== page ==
APA's Unemployment Insurance Subcommittee will monitor the status of the legislation and will reach out to legislators and to the New Jersey Department of Labor and Workforce Development (NJ DLWD) to explain the administrative burden that monthly wage reporting may cause employers.
Monthly wage reporting not only creates a new administrative burden for employers but is redundant. The information that the NJ DLWD hopes to capture through monthly wage reporting is already available through new-hire reporting. Currently, employers who report new hires to New Jersey must file their reports within 20 days of the date of hire of any new full-time, part-time, seasonal, or temporary employee. The 20-day deadline ensures that new-hire reports filed in New Jersey will provide employment information to the NJ DLWD as fast or faster than the proposed monthly wage reports, which would be due 20 days after the end of each month. Even information about New Jersey employees who work for multistate employers that report all new hires to another state is available in a timely fashion. Generally, multistate employers will be subject to a state reporting deadline that is equal to or more stringent than New Jersey's deadline. Further, multistate employers that choose to file electronic reports must file two reports per month with due dates that range from 12 to 16 days apart. Once a state receives a new hire report, it has five business days to process the data and another three business days to forward the date to the National Directory of New Hires (NDNH). The NDNH then has two business days to post the information to the directory so that authorized users such as the NJ DLWD can access the new hire information.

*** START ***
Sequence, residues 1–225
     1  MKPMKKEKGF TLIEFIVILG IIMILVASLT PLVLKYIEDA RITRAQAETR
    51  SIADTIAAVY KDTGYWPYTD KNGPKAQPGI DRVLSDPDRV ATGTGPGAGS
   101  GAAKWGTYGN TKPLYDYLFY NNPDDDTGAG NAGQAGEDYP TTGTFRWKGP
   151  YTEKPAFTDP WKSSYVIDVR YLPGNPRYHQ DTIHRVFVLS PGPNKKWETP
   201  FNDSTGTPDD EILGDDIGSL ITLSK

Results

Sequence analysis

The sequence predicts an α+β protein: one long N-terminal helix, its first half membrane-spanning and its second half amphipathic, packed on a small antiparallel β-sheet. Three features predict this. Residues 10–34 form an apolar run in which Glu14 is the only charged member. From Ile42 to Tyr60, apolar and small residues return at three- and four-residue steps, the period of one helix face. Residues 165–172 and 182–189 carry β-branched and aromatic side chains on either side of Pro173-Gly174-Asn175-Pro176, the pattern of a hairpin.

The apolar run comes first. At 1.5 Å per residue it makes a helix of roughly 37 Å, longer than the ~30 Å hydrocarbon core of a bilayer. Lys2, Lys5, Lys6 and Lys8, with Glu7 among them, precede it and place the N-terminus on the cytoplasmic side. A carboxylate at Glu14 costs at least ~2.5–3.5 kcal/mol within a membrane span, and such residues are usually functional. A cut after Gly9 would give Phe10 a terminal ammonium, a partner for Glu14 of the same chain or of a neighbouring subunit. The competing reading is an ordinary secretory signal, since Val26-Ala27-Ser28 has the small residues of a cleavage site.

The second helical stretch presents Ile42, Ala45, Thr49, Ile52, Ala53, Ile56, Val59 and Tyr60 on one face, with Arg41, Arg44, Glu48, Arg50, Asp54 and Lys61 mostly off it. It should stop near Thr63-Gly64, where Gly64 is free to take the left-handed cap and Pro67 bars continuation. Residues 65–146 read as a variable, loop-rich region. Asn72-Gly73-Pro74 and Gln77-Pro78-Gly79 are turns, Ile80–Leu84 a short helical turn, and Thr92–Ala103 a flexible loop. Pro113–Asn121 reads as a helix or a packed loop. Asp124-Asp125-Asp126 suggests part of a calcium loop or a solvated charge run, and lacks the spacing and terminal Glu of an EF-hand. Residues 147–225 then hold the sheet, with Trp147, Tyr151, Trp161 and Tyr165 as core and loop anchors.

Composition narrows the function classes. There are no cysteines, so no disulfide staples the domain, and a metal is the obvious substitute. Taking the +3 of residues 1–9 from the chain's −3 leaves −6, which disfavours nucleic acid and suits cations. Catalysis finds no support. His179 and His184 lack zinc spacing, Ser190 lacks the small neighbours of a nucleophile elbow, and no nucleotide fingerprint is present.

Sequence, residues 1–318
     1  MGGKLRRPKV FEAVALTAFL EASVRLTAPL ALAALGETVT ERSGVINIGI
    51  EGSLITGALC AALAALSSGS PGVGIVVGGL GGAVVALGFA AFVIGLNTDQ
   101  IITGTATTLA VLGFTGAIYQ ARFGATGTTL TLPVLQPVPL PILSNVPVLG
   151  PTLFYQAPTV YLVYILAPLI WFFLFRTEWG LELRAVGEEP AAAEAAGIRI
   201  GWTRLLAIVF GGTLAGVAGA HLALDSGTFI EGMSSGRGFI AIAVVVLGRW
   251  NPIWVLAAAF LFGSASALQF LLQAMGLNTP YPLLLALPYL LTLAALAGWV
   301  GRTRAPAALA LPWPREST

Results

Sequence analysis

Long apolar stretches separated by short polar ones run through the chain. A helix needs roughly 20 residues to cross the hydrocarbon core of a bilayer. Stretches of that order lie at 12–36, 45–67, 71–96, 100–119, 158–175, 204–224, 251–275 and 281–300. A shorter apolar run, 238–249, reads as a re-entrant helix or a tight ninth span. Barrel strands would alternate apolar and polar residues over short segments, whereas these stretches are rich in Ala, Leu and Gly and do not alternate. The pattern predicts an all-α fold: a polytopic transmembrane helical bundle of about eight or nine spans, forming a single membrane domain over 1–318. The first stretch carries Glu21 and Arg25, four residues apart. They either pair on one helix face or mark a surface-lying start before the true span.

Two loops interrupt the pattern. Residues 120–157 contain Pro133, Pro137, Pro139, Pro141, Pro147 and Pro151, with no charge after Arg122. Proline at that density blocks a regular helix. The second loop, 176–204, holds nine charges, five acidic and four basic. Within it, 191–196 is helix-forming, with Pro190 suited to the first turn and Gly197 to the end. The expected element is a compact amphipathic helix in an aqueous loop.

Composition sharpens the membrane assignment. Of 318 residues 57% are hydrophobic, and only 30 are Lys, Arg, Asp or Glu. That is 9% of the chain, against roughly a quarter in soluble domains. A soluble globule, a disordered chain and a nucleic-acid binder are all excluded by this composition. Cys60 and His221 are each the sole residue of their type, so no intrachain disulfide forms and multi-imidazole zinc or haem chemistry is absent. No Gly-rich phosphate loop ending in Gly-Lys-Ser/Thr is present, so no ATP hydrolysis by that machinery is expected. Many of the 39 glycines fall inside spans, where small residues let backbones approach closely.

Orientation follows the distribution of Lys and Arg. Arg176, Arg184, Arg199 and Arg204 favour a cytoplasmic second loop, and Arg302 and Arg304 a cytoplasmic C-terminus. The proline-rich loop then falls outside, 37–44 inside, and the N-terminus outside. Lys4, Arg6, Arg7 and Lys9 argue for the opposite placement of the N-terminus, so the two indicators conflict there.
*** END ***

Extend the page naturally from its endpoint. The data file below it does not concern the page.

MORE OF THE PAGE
In its FAQ concerning new-hire reporting, the NJ DLWD acknowledges the effect of the short deadline, stating that "when you immediately report new hires, there is an improved chance of locating the individual while employed and the required child support action can be promptly taken. In addition, fraudulent unemployment insurance, workers compensation, and welfare benefit payments can be quickly detected."
Additional Administrative Burden
By definition, a new monthly reporting requirement will cause an additional administrative burden. This burden may be heightened in New Jersey because of the extensive wage information that must be reported. On its instruction page for contribution reports, the NJ DLWD includes a very broad definition of wages to include "every form of remuneration" and specifically lists several types of payments that employers may find difficult to calculate on a monthly rather than a quarterly basis. These payments include some types of dependent care payments, stock options, room and board plans, and meal plans.
The actual costs associated with monthly wage reporting are difficult to quantify. If you have been reporting monthly in Illinois or have an idea of the costs associated with complying with a monthly wage reporting requirement in New Jersey, APA's Unemployment Insurance Subcommittee would like to hear from you. Contact Curtis Tatum, Esq., APA's Manager of Government Relations, with any information concerning monthly wage reporting.